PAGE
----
news releases

17 October 2019

New Film Explores Intersection of Latino Community and Environmental Justice, Marks Launch of Campaign Addressing Latino Considerations around Wildfires

Category: News Releases

Today, Hispanic Access Foundation released its new short film “I Am Cheo,” which explores the intersection of Latino culture and communities with the outdoors and climate issues, like wildfires, and emphasizes the need for engagement and action to preserve our future.

Inspired by the poem “I Am Joaquin” by Chicano poet Corky Gonzales, this unique film tells the story of a young boy named Cheo who, from the sights and smells of his abuela’s kitchen, takes a sweeping cinematic journey across the lands that are both his history and his future. On this journey, Cheo realizes that he is formed by these places - but they need his help, as they are devastated by wildfires, pollution, climate change and disrepair. Cheo then explores how he can take action to protect the environment for his familia and generations to come.
“This film expands the narrative of what it means to engage Latino communities, to encourage the understanding of the importance of familia, community, faith y cultura in our efforts to improve our society and protect our environment for future generations,” said Maite Arce, president and CEO of HAF. “It is also critical that we recognize the exclusion of communities in the processes of planning for, responding to and recovering from these adverse effects, but also recognize the contributions of these resilient communities to our country and the ambition and commitment to take action to address these urgent matters.”
Our nation’s greenhouse gas emissions and resulting climate change are leading to higher temperatures, record-setting heat waves, and drier and more arid conditions in the West. These conditions matched with underfunded forest management, outdated land use policies and practices, and more people living in fire-prone areas has led to catastrophic wildfires that affect more people. These conditions are having severe consequences on communities, most significantly marginalized and vulnerable communities, such as low-income, disabled, elderly and communities of color.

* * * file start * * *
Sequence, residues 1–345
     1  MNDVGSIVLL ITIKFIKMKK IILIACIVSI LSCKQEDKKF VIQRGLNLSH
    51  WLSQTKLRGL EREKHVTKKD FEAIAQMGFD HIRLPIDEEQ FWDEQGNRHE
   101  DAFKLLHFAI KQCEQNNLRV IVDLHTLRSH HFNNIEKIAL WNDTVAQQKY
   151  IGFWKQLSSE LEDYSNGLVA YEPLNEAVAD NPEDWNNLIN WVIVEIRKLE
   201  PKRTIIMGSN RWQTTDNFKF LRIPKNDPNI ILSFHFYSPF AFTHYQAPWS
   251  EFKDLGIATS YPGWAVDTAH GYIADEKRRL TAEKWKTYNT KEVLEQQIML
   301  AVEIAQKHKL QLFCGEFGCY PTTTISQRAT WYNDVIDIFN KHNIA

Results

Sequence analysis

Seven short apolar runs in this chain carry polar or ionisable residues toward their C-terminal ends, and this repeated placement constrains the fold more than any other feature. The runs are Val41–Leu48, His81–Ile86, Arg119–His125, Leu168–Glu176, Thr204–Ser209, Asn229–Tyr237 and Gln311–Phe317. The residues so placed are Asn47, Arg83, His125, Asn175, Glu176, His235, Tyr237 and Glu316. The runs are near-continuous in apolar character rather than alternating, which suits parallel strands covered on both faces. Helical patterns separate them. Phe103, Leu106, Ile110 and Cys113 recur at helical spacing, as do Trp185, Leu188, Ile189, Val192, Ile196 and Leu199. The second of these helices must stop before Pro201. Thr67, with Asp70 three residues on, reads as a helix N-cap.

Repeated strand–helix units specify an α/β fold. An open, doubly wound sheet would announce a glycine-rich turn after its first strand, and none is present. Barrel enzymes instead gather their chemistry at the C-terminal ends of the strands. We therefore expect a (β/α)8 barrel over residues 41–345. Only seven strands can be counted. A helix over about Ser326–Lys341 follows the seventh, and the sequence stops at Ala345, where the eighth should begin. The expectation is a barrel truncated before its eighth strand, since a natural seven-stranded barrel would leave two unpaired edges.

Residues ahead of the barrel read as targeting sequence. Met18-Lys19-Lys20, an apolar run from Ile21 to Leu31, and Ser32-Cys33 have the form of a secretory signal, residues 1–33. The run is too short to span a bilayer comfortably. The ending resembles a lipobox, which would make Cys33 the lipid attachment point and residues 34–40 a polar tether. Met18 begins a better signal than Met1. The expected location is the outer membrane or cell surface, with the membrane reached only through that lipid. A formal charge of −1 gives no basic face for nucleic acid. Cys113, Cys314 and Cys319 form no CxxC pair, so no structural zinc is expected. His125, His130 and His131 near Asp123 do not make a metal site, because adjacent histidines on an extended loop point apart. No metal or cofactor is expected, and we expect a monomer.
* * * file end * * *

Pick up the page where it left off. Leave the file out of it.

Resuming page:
“Our world is getting hotter, our oceans and coral reefs are degrading, our snowpack and rivers are diminishing and by underfunding forest management and mismanaging urban development we are putting people in harm's way of devastating fires and ill-equipping them to prepare for or adapt to such a life with fires,” said Chela Garcia, HAF’s director of conservation programs. “Because of socioeconomic factors, Latinos are particularly vulnerable to the lack of adequate planning and resources for emergency management, urban planning, forest management, and disaster relief and recovery programs.”
“All efforts to address climate change and the resulting and exacerbated impacts are urgently needed,” Garcia added.
Multiple screenings are being held throughout the nation in conjunction with community roundtable discussions. Film screening sponsors include Southern California Edison, National Parks Conservation Association, Save the Redwoods League, Environmental Defense Fund, The Wilderness Society, Audubon, and The North Face.
The film “I Am Cheo” and the Wildfire Management Toolkit are available at

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